Husbands and Wives (Woody Allen, 1992)

“Fucking men! Woman gets to be over a certain age, it becomes a different ballgame”


Now I know that I have had this coming for a while. A Woody Allen fan who has not been disappointed … it was inevitable really. There are films which are weaker, granted, but more often than not, an awesome cast approaching a high-concept comedy-drama will always have merits. Fact of the matter is, Husbands and Wives simply doesn’t have enough scope in its concept and the characters – notably Mia Farrow and Judy Davis – are simply not likeable or relatable for us, as an audience, to enjoy their company for a hundred minutes.

A Not-So-Interesting Concept

The concept itself is interesting: two couples in Sydney Pollack and Julie Davis as one couple, whilst Mia Farrow and Woody Allen play the other couple. They are married and play the respectable Husbands and Wives. Yes, this is Woody Allen taking on the complexities and challenges of married life. We have seen this before – marriages on the rocks in Mighty Aphrodite, Manhattan Murder Mystery and, even in the less-comedic Match Point. The funny thing is, the film begins with a couple splitting up – amicably enough, Sydney Pollack and Julie Davis sensibly decide to call it a day. It appears to be a thought through decision – nothing was easy but, time had come, to call it a day. They reveal this to Mia Farrow and Woody Allen who, as close friends, are incredibly shocked – specifically Mia Farrow, who – like most of the film – is whining. She whines about how

Can We Get Closer?

One interesting comparison to this – a far superior film – is ‘Closer’. In both films we have a limited four lead characters who, as an audience, we exclusively see there most personal and tender moments juxtaposed right next to the most important and relationship-destroying arguments. I would be really interested to hear Woody Allens opinion on ‘Closer’. Like ‘Closer’, as an audience, we are witness to these events and make our own mind up over whether it is right or wrong – and who we agree of disagree with. In ‘Husbands and Wives’, it is more personal in the way the camera is used. Yes, it is documentarian, but more than that it is rough and – it feels as if – unedited. Huge sections are merely awkward observations – with the camera often shaking as if to prove it is held rather than stationary, whilst sometimes we pause at the edge of a kitchen as a character disappears into the kitchen constantly talking only to re-emerge seconds later. As previously mentioned, ‘Closer’ is far superior and yet covers the same ground – but opening it further up to relationships as a whole. In this day and age, what’s the difference between a long-term relationship and a married couple?

Ultimately Failed

To wrap up – the good points. The mockumentary style, rather than the usual narration (though there is a bit of that too), it uses talking heads, direct to camera, as if we are psychiatrists, to highlight the ‘real’ issues of the characters. The topic it challenges, in relationships, as it is lust versus long-term. How do you know which is which and, do you follow oe over the other? Problem is, this has been explored so much in the past, its hardly unique – but is nevertheless, always interesting. One sequence is absolutely incredible. As Sydney Pollack is at a party, he has young teenage girlfriend with him and  -as she argues with his colleagues about the ‘truth’ of horoscopes – he is forced to drag her away. The entire sequence is painfully awkward as you see, in that one sequence, how the two are completely incompatible and how, more importantly, he treats her as a child and, as he pushes and drags her to the car, people stare at them and you know he has realised his lack of foresight in his infidelities. Relationships are not just lust – and ultimately cannot be – though, the end reveals how, when pitted against each other, the companionship is more important that any lust at all.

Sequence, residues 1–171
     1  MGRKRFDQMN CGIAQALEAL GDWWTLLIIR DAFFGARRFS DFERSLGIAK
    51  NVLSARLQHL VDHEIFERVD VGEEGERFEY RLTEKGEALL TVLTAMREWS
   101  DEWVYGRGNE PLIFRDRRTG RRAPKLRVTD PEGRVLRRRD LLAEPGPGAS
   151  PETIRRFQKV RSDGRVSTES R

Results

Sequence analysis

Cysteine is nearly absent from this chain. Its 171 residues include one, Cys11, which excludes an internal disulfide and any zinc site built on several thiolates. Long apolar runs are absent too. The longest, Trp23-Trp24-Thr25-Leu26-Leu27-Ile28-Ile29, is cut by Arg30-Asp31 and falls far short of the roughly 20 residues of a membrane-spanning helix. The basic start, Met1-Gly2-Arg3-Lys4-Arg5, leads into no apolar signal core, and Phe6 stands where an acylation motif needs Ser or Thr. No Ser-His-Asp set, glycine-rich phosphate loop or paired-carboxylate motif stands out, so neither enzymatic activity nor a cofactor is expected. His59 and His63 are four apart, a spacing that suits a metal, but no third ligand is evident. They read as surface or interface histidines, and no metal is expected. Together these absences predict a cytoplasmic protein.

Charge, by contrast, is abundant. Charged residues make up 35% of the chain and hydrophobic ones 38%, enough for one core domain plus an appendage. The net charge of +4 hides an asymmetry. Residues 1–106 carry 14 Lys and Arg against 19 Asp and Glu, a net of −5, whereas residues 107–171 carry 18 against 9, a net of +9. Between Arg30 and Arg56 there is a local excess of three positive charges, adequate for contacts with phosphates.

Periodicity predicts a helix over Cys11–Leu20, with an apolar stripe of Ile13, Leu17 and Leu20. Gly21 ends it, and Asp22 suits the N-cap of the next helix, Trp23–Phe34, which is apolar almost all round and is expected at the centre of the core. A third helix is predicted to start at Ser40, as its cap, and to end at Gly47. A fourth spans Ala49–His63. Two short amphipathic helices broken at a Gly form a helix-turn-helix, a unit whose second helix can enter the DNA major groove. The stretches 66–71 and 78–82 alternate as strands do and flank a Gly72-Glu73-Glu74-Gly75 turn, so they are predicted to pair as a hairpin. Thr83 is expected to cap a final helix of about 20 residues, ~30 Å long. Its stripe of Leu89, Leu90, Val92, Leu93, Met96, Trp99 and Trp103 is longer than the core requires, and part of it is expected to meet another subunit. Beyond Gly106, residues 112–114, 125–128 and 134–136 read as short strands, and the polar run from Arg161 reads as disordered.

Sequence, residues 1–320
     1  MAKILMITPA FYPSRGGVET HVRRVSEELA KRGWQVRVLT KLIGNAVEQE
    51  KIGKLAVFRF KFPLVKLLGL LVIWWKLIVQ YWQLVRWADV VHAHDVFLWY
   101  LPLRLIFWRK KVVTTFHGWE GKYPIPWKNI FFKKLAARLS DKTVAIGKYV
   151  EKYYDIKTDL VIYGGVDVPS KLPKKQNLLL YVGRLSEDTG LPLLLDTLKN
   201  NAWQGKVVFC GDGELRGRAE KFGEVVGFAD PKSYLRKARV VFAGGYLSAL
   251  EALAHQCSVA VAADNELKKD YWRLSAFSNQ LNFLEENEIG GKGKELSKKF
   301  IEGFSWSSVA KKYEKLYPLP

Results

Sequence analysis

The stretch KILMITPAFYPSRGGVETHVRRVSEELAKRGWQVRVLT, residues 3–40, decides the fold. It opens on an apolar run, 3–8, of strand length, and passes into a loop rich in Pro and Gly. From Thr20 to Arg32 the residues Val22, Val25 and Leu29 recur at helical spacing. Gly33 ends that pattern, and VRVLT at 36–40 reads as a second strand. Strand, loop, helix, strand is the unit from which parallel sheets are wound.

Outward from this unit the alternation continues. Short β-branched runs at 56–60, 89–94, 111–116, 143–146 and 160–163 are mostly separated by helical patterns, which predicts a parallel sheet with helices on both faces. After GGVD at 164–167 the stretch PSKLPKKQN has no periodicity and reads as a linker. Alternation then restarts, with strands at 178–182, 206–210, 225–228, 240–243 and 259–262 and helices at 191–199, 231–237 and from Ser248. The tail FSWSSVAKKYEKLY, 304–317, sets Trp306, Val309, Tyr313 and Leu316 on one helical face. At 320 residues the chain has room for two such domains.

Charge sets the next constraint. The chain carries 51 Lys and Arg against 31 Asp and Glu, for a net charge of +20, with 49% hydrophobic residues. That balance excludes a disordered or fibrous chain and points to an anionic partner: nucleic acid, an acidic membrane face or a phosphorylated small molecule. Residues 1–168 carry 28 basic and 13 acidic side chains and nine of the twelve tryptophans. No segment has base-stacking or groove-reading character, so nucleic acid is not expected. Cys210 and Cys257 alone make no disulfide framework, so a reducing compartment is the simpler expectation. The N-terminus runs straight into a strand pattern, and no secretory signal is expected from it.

But, problems lay in Mia Farrow, and her horrendous manipulation of others – summarised in a closing statement of her first husband. He states how she always get what she wants – we see her force her own insecurities onto others, making them feel those insecurities. Her very insincere way of getting Michael (Liam Neeson) is creepy and, almost, a little nuts. Judy Davis’ lack on control post separation from husband is so intenese, oyu simply have to turn away. These two characters hold this film up – and yet you dislike them so much. This bores you and, to top it off, you begin to notice other things that normally don’t bother you. When Woody Allen and Juliette Lewis kiss (in a storm … very ‘expressionistic’)… its a little creepy. Ultimately, the film isn’t even that funny – the odd joke here and there, but, on the whole not funny enough. Maybe he is just, one by one, casting women he wants to kiss and he inevitably does. This film is not worth hunting down and was a real let down. Right, now onto Crimes and Misdemeanors to reestablish my face in Woody Allen.

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